, Volume 83, Issue 1, pp 1-11

Reassessment of a new model of complete cerebral ischemia in rats

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Summary

The present study was undertaken to ascertain the role of the microcirculation in the phenomenon of hypoperfusion following complete cerebral ischemia. The experiments were performed on rats under superficial ether anesthesia. Cerebral ischemia was induced by cardiac arrest for 3.5 or 10 min, with survival periods that lasted from 3 min to 7 days. A special metal hook-like device was inserted into the chest cavity at the third intercostal spaces for occluding the cardiac vessel bundle. The effect of this procedure was total cessation of systemic circulation, i.e., clinical death. In 52% of animals with 10-min clinical death, resuscitation (external heart massage and artificial ventilation) restored heart activity. When brain circulation was restored respiratory activity, pain reaction, corneal reflex, bioelectric activity of the cortex, and normal activities of the rats returned. Scanning electron microscopy was applied to study the effect of ischemia on the vessel wall and endothelial cells (EC). Ischemia produced a remarkable increase in the numbers of microvilli and pit-like invaginations on the luminal EC surface. The luminal wall surface of many of the microvessels (MV) formed ridges. Frequently, microthrombi of varying sizes were observed. The most prominent changes were noted from 3 min to 6 h of recirculation, and they correlated with hypoperfusion after ischemia. Seven days later, these changes completely disappeared. The data presented here indicate that progressive hypoperfusion after ischemia occurs with significant alterations fusion after ischemia occurs with significant alterations in the MV walls. These studies collectively suggest that the focal responses in select MVs may be associated with receptor molecule up-regulation of some, but not all, affected ECs. Our data provide further characterization of a new and unique chronic model of brain ischemia that can be applied to relevant clinical studies.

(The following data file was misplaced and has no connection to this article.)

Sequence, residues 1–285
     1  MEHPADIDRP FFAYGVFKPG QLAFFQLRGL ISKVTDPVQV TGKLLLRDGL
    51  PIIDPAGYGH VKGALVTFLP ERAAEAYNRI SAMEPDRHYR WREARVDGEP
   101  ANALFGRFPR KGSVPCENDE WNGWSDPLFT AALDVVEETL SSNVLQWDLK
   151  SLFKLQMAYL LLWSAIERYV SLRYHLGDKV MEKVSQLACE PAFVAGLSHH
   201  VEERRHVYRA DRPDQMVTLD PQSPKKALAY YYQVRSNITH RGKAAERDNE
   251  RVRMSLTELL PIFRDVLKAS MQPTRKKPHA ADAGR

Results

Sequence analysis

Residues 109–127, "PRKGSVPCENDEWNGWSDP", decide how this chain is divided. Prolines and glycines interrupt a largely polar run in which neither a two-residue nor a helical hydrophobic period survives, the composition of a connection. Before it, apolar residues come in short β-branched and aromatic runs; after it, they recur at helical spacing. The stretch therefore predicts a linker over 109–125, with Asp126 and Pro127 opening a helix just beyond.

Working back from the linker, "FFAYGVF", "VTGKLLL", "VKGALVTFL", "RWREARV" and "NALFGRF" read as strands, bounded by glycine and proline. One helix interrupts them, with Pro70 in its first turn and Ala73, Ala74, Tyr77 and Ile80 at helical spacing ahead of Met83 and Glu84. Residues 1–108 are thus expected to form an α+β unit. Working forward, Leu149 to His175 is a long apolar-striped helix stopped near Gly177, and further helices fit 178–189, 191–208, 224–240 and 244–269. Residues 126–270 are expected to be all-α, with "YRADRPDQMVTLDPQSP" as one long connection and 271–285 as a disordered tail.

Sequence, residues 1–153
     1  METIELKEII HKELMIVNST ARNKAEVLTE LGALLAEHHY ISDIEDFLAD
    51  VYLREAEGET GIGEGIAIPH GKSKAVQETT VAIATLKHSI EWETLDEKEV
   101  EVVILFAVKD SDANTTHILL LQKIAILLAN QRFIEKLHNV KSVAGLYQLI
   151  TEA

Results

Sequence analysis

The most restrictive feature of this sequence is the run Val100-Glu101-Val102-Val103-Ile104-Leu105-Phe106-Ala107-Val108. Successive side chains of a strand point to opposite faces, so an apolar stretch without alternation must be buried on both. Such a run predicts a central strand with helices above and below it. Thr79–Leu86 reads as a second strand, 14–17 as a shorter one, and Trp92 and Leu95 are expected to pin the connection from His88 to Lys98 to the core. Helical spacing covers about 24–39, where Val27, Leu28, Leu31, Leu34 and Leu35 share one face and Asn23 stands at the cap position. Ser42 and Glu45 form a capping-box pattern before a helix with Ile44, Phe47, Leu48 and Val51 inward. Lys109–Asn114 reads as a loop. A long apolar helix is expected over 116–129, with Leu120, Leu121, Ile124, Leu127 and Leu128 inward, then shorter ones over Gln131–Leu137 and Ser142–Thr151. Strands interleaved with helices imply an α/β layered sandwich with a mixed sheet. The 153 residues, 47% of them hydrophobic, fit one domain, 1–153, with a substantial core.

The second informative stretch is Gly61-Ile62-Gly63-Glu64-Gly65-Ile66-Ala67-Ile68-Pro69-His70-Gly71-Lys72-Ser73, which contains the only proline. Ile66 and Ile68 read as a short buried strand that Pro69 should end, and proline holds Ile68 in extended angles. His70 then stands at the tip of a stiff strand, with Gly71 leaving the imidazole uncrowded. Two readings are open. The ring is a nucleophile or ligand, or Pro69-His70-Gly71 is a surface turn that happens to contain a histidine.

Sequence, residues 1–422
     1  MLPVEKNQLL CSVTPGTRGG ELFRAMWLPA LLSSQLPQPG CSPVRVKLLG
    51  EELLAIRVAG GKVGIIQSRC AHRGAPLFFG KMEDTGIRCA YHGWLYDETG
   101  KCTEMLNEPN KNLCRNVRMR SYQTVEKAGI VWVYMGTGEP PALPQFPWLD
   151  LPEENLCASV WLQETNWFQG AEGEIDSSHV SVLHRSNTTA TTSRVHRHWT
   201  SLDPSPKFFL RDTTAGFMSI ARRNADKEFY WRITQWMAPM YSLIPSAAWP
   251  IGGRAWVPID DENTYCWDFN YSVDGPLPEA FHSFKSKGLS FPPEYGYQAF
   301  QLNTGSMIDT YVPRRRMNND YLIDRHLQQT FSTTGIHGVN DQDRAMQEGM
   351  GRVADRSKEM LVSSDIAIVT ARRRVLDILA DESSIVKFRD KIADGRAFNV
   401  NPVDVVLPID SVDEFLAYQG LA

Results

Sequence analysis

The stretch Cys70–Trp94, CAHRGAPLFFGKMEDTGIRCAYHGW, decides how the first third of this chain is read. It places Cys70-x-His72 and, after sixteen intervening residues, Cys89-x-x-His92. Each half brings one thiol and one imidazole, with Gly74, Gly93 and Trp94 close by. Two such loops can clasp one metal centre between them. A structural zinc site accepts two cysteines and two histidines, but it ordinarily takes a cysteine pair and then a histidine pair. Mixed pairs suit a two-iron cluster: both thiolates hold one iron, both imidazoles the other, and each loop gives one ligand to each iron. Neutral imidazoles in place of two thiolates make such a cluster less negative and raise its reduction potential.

This material was presented in part at the American Association of Neuropathologists, June, 1991 in Baltimore, MD and was supported in part by the NYS Office of Mental Retardation and Developmental Disabilities.